将Stephen Chapman提供的函数做个记录

function mouseX return evt.pageX;else if return evt.clientX +
(document.documentElement.scrollLeft ?
document.documentElement.scrollLeft : document.body.scrollLeft);else
return null;}function mouseY return evt.pageY;else if return evt.clientY

  • (document.documentElement.scrollTop ?
    document.documentElement.scrollTop : document.body.scrollTop);else
    return null;}Mouse Cursor Position Join the Discussion Questions?
    Comments? Until recently there was no standard way of determining the
    position of the mouse cursor within the browser. The W3C standards say
    that the current mouse cursor position within the browser window when an
    event is triggered should be given by event.clientX and event.clientY to
    obtain the distance from the left and top of the browser window
    respectively. I have tested this in a number of different browsers and
    have found that Internet Explorer 6, Netscape 6+, Firefox, and Opera 7+
    all produce correct values for the mouse coordinates relative to the
    browser window in these fields. To obtain the position within the web
    page you would simply add the scroll position of the page within the
    browser window. Opera 5 and 6 produced values for these fields but the
    values are relative to the top of the web page instead of relative to
    the browser window and so adding the scroll position would produce a
    wrong result with these browsers. Netscape 4 doesn’t understand these
    fields at all and so would give an error if this code were used by
    itself. One added complication is that Internet Explorer uses two
    different ways to determine the scroll position of the page. It uses
    document.body.scrollLeft and document.body.scrollTop in versions before
    version 6 as well as in version 6 when there is no DOCTYPE declared or a
    transitional DOCTYPE is declared. When IE6 is declared using a strict
    DOCTYPE document.documentElement.scrollLeft and
    document.documentElenent.scrollTop are used instead. Other browsers
    either use one of these values or pageXOffset and pageYOffset. Although
    not part of the W3C standards there is another pair of fields that will
    give the position of the mouse cursor that is useful. With the exception
    of Internet Explorer and Opera 5 and 6, all of the browsers I have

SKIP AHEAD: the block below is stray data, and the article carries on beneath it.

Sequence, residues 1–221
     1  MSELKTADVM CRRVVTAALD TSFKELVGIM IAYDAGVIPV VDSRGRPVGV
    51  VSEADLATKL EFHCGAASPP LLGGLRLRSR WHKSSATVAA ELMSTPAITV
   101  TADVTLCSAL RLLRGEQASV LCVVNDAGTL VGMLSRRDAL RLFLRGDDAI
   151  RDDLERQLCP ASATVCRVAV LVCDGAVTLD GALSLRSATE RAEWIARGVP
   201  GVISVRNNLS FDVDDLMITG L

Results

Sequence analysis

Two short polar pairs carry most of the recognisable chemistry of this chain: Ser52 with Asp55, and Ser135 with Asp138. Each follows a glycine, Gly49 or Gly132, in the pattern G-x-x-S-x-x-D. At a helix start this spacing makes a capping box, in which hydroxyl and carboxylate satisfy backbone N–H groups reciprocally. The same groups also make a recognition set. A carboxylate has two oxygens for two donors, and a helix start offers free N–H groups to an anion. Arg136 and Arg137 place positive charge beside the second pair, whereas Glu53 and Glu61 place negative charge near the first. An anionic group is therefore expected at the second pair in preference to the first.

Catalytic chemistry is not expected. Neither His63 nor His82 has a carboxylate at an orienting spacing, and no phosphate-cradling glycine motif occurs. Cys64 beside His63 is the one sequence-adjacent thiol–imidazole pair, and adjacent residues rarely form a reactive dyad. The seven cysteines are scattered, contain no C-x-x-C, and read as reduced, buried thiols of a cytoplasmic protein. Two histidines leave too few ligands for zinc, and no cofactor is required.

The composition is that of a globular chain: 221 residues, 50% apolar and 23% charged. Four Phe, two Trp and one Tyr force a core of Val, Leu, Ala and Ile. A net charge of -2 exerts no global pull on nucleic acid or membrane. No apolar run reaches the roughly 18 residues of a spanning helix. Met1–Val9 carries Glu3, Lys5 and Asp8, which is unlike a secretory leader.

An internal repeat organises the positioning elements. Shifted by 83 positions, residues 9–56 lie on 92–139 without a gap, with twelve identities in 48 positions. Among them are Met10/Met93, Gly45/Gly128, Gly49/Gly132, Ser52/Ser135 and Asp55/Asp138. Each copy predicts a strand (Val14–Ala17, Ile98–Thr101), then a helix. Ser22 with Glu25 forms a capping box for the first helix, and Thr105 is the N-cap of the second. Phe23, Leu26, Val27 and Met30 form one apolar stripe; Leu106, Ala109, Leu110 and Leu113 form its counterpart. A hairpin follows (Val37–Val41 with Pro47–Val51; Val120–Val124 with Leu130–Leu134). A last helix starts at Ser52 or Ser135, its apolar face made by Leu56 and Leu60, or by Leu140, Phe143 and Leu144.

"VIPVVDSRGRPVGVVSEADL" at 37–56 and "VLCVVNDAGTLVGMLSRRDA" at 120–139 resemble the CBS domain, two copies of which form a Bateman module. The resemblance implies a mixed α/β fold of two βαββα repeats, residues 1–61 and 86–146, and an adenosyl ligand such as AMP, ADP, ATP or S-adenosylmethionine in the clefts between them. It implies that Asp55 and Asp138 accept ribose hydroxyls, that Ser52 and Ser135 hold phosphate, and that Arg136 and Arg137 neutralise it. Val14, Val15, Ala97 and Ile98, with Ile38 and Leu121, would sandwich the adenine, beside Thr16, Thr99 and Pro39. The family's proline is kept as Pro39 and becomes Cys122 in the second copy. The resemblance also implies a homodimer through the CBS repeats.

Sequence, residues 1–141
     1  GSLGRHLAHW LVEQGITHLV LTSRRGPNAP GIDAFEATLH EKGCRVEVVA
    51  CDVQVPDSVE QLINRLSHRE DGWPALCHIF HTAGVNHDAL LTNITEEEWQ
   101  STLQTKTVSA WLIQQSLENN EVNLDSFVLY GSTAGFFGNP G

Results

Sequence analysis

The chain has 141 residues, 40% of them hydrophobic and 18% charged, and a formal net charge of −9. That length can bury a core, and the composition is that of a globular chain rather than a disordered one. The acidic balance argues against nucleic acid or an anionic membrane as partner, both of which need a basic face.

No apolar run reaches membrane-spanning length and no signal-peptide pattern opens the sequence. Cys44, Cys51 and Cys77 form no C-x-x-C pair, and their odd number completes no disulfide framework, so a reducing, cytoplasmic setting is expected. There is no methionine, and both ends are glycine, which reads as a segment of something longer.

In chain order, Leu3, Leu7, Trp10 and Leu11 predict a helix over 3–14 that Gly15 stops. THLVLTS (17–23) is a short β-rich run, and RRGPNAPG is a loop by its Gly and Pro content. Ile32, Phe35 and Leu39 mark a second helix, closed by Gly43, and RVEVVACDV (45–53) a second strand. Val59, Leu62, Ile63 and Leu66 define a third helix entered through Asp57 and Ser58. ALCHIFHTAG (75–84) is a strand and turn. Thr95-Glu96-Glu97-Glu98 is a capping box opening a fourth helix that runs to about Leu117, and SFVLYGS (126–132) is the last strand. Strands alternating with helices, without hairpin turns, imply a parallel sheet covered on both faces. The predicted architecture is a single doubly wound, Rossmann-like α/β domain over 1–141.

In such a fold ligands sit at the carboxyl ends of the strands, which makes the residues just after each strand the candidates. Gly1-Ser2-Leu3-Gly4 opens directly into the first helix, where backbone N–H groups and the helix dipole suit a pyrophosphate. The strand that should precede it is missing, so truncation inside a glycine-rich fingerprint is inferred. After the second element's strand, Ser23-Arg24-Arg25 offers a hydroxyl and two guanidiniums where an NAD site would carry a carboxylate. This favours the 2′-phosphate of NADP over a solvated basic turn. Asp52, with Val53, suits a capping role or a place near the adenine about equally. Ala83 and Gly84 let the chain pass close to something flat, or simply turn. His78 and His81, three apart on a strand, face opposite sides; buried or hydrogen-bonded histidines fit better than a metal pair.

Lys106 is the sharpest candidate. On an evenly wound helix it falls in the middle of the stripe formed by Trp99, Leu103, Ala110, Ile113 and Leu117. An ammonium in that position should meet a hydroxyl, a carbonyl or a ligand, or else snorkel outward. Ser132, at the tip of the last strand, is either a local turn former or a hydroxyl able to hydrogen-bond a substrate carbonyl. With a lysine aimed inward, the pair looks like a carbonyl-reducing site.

mentioned also support event.pageX and event.pageY which give the mouse
    cursor position relative to the top left corner of the web page itself.
    Using these fields you do not have to add the scroll position of the
    page. By combining tests for both of these methods together we can
    create code to locate the mouse cursor position that will work on
    Internet Explorer, Netscape 4+, Firefox, and Opera 7+. You just need to
    pass the event to the following functions to retrieve the appropriate
    position on the web page. function mouseX return evt.pageX; else if
    return evt.clientX + (document.documentElement.scrollLeft ?
    document.documentElement.scrollLeft : document.body.scrollLeft); else
    return null; } function mouseY return evt.pageY; else if return
    evt.clientY + (document.documentElement.scrollTop ?
    document.documentElement.scrollTop : document.body.scrollTop); else
    return null; } There are a couple of other pairs of fields that give
    mouse cursor positions that are less useful. The fields event.screenX
    and event.screenY are defined in all of the browsers I tested. They give
    the position of the mouse cursor relative to the top left corner of the
    screen. Without knowing the position of the top left corner of the
    browser window this information is not very useful with respect to being
    able to interact with the web page. The fields event.x and event.y also
    exist in Netscape 4, Internet Explorer, and Opera 7+. In Netscape 4
    these fields give the position within the web page exactly the same as
    the pageX and pageY fields. In Internet Explorer and Opera 8 they give
    the position of the mouse cursor within the current object (if that
    object is positioned absolute, relative, or fixed) or within the page .
    Opera 7 appears to use these fields to give the position of the mouse
    cursor relative to the bottom left corner of the screen.
    还要其他的情况: 调用方法: 复制代码
    代码如下: var pos=GetObjPos; function CPos { this.x = x; this.y = y; }
    //获取控件的位置 function GetObjPos { var target = ATarget; var pos =
    new CPos(target.offsetLeft, target.offsetTop); var target =
    target.offsetParent; while { pos.x += target.offsetLeft; pos.y +=
    target.offsetTop; target = target.offsetParent } return pos; }
    下面是我自己开发项目中的实例: 复制代码


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